For $n=4$, $\sigma(n)+\tau(n)=10>4$, so $D_4$ is an example.

For $n=5$, $\sigma(n)+\tau(n)$, not true.

For $n=6$, $\sigma(n)+\tau(n)=16>12$. so $D_6$ is an example..

and so on....

• Sir please can you help me in this. Numbers of subgroups isomorphic to $\mathbb{Z_2}\times \mathbb{Z_2}$ (klien four group) in direct product of n-copies of $\mathbb{Z_2}$ Commented Mar 6, 2020 at 5:57

As alluded to in the comment by Mikko Korhonen,

the smallest example is the Klein Vierergruppe $$V=\{1,a,b,c\}$$, where $$a^2=b^2=c^2=1$$.

It has four elements and five subgroups: $$\{1\}, V, \{1,a\}, \{1,b\},$$ and $$\{1,c\}$$.

Every uncountable abelian group has more subgroups than elements. First, suppose $$G$$ is an uncountable abelian group which is a direct sum of cyclic groups. The number of summands must be equal to $$|G|$$, and every subset of the summands generates a different subgroup, so $$G$$ has $$2^{|G|}$$ different subgroups.

Now suppose $$G$$ is an arbitrary uncountable abelian group. By the previous argument, it suffices to show $$G$$ has a subgroup of the same cardinality that is a direct sum of cyclic groups. Suppose $$H\subseteq G$$ is any subgroup such that $$|H|<|G|$$. We can enlarge $$H$$ to a subgroup $$H'$$ with $$|H'|\leq |H|+\aleph_0$$ such that if $$h\in H'$$, $$n\in\mathbb{Z}$$, and $$h$$ is divisible by $$n$$ in $$G$$, then $$h$$ is divisible by $$n$$ in $$H'$$ (just iterate adding witnesses to all such divisibilities to the group $$\omega$$ times). In particular, since $$G$$ is uncountable, we still have $$|H'|<|G|$$, so we can pick some $$g\in G\setminus H'$$. Let $$n\in\mathbb{Z}_+$$ be minimal such that $$ng\in H'$$ (or if no such $$n$$ exists, let $$C$$ be the subgroup generated by $$g$$ and jump to the next paragraph). Since $$ng$$ is divisible by $$n$$ in $$G$$, it is also divisible by $$n$$ in $$H'$$, so there is some $$h\in H'$$ such that $$nh=ng$$. By minimality of $$n$$, $$g-h$$ has order $$n$$, and the cyclic group $$C$$ that it generates has trivial intersection with $$H'$$.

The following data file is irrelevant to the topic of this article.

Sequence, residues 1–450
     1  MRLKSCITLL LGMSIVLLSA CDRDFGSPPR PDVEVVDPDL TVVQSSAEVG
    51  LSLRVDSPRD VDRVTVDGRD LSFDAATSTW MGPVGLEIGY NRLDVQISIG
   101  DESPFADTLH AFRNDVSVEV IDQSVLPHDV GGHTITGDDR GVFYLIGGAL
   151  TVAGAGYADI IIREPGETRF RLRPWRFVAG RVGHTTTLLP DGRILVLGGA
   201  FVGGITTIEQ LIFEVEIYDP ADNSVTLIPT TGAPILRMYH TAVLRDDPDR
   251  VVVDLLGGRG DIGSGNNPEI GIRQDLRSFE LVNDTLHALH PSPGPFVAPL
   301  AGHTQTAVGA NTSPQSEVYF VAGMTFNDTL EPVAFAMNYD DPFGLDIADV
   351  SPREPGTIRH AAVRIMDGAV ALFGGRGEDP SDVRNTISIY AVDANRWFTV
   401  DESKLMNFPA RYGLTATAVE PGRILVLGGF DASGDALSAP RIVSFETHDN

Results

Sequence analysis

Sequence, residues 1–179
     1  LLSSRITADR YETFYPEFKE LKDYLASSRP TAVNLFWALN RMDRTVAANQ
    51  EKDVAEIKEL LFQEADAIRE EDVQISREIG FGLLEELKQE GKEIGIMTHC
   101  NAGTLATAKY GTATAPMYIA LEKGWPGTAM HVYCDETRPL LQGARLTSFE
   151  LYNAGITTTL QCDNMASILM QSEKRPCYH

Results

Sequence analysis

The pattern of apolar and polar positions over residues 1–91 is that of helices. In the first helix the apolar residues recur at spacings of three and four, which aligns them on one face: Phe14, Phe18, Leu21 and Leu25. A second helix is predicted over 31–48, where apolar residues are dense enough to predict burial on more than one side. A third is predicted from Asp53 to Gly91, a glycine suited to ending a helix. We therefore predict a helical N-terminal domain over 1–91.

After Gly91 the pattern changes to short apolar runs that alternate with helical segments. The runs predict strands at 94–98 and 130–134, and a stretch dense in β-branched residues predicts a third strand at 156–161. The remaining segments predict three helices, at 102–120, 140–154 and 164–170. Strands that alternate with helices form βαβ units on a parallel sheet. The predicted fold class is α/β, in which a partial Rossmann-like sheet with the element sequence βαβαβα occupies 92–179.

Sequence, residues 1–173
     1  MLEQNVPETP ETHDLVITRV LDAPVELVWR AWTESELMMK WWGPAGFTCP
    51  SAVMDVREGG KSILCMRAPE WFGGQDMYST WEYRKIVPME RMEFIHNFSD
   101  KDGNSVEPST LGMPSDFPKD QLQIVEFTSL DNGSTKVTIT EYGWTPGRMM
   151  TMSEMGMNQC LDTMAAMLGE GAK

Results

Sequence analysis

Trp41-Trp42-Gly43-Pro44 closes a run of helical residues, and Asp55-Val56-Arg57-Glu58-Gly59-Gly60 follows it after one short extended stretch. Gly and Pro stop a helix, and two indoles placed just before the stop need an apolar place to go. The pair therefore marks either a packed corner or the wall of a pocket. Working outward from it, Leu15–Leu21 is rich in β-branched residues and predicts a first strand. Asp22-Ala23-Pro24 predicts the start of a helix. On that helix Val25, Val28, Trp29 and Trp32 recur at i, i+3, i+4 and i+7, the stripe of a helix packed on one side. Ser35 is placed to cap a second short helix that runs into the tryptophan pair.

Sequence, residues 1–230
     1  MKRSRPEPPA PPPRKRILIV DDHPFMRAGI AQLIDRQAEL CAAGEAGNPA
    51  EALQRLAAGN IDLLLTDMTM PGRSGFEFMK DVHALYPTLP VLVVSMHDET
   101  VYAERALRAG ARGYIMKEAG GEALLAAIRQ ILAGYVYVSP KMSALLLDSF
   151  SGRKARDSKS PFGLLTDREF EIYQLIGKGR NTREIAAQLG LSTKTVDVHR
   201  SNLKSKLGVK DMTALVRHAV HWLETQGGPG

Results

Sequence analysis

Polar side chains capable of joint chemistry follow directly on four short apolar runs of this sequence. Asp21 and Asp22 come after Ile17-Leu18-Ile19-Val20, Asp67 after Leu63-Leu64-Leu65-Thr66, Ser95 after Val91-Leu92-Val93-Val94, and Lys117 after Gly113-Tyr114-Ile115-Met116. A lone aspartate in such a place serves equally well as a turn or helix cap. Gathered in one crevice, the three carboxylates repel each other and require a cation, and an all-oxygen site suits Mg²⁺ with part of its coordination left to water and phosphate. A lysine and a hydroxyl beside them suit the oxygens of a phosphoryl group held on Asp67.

We have thus shown that if $$H\subset G$$ is a subgroup with $$|H|<|G|$$, then there is a nontrivial cyclic subgroup $$C\subseteq G$$ such that $$C\cap H=0$$. If $$H$$ is a direct sum of cyclic groups, then $$C+H$$ will be as well, with $$H$$ as a direct summand. Iterating this transfinitely, we can keep finding larger and larger direct sums of cyclic groups which are subgroups of $$G$$, until we reach one of the same cardinality as $$G$$.

(Incidentally, this is not true for nonabelian groups, or at least it cannot be proved in ZFC: according to this answer, for instance, it follows from CH that there is a group of cardinality $$\aleph_1$$ with only $$\aleph_1$$ subgroups. I don't know whether a nonabelian counterexample can be proved to exist in ZFC.)

Intuitively, I would think there would be a pretty good chance. Considering all the ($$2^n\gt n$$) subsets.

Granted this is kind of naive, not all subsets are subgroups. Nevertheless, we have seen examples, both finite and infinite, where alot are.

And as the answers above show, including elementary abelian groups (the Klein four group included) and dihedral groups, the answer is yes.